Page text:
But, I'm talking about things that happened so long ago!
What was even better
In time, this poor little black and white publication became an interesting magazine. The Ministry of Foreign Affairs offered collaboration by regularly buying over 3,000 issues which were sent all over the world to different Czech embassies and organizations.
However, the persons in public office changed and those who came after them had different opinions.
In the year 2000 we were told that our editorials were rude and that the ministry would publish its own magazine. By that time, the Czech Dialogue had already made a pretty good reputation for itself and had many regular readers so the financial difficulties that followed did not mean the end. It gained support from a prestigious Czech-American organization, the American Fund for Czechoslovak Relief, as well as from many readers at home and abroad.
But as people in public office changed, it again began getting support from the Ministry of Foreign Affairs. This year we even got a financial donation from the Senate. The Czech Dialogue is also distributed throughout the world through Czech Centers, which gives us a chance to acquire paid advertising. This year in March we had received the Medal of Jan Masaryk, given to those, who have worked for development of our country within the European family and for the bequest of T.G. Masaryk and Jan Masaryk, as well as, for holding in respect Czech history. Needless to say, it made us very happy and the Czech Dialogue gained more of a good name.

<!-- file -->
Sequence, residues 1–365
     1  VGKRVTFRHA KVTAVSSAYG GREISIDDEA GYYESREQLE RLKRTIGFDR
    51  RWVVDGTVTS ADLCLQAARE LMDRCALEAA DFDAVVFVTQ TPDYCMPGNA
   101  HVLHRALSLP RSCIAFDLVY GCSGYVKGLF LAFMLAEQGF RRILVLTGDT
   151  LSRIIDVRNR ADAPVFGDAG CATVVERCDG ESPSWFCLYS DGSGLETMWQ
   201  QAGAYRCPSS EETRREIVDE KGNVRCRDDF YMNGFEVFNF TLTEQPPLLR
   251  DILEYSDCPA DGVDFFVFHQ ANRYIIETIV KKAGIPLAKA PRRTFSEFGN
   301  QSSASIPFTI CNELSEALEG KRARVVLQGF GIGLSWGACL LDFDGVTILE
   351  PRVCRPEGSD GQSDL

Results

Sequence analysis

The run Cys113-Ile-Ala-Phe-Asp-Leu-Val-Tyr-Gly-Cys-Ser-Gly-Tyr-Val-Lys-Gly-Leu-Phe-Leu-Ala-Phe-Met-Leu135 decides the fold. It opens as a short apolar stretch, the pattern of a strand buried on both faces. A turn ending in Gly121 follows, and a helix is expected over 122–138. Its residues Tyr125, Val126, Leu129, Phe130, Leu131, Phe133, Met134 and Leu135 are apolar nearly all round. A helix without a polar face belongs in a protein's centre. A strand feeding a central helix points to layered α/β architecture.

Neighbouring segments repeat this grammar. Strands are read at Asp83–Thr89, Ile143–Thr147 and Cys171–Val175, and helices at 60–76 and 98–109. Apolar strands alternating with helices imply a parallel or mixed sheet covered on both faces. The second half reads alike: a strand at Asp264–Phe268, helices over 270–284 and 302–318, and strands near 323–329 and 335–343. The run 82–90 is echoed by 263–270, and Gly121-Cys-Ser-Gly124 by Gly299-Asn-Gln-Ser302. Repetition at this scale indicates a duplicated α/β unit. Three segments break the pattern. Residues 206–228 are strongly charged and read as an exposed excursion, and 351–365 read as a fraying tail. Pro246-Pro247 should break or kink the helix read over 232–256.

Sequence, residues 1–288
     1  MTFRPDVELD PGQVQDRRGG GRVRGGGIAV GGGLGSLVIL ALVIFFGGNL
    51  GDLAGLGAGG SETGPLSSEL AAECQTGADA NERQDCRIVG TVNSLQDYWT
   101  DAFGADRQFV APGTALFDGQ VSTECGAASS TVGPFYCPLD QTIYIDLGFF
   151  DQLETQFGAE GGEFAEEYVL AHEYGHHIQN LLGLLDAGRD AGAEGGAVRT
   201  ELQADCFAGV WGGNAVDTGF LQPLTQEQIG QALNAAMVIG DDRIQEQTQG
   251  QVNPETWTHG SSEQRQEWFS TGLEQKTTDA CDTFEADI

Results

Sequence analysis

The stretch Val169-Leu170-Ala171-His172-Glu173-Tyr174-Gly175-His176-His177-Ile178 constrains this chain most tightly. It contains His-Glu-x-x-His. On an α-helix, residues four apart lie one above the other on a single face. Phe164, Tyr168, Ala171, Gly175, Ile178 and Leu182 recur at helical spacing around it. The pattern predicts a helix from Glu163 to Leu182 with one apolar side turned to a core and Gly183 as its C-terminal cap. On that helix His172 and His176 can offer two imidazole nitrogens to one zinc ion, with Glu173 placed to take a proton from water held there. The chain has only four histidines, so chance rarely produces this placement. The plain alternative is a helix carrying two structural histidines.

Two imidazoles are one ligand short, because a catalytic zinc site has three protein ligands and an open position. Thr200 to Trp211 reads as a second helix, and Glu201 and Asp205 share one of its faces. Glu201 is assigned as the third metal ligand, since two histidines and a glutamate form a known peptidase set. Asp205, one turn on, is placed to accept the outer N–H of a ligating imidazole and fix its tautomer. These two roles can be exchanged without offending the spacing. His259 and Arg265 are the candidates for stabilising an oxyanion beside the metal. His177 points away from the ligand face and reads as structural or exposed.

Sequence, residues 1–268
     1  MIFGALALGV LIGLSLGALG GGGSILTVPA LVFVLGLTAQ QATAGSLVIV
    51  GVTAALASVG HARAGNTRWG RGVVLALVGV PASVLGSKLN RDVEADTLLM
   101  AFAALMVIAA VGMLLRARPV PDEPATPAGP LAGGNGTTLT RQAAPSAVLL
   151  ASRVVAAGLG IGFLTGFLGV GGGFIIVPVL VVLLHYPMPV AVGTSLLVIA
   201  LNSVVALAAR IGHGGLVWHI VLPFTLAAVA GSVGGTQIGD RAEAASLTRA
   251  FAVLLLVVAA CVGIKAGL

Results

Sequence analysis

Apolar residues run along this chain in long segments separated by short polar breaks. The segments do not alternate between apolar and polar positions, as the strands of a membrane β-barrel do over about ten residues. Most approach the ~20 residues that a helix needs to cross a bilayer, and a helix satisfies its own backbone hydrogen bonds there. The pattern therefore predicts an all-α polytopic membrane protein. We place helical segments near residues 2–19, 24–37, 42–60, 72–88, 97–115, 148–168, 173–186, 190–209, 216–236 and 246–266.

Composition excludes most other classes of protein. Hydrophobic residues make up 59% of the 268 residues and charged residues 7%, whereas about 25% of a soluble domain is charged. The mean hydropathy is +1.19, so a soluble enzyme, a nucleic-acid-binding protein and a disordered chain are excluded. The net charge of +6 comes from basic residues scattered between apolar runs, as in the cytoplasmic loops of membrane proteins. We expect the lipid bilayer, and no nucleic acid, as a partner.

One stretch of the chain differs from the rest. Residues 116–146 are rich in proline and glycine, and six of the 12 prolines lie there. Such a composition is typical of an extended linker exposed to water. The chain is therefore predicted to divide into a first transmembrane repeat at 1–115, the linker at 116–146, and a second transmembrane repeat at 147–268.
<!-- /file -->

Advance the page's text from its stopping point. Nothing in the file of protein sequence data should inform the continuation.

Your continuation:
During the past thirteen years, the Czech Dialogue passed through dramatic changes, bad times and periods of success.
I had the opportunity to visit a large number of our people in the USA, Canada, Australia and most countries in Europe.
We could say that the Czech Dialogue is known throughout most of the world.
It seems symbolic that just a few days before our anniversary celebration on December 13, 2003 I am here on board a plane that's transporting us between different countries in South America, writing this editorial. I am here with the Senate Delegation, which besides their official duties meet and try to get closer acquainted with people of Czech and Slovak origin. Believe me, those meetings are beautiful and touching, but most importantly, meaningful.
At the end of this unusually long, annual editorial, I would like to thank the Chairman of the Senate Mr. Petr Pithart for the opportunity to be here in South America and for his interview, which will come out in the next issue. Also many thanks to Martina Fialkova who took over my duties after I left and who worked hard all year long to make the magazine prosper. I also want to thank all the authors, colleagues, sponsors, advertisers, and all those kind, understanding people who let us know in many different ways that the idea of a dialogue with us HERE, and with them THERE, is necessary and meaningful.Eva Střížovská
Translated by Pavla Schultzová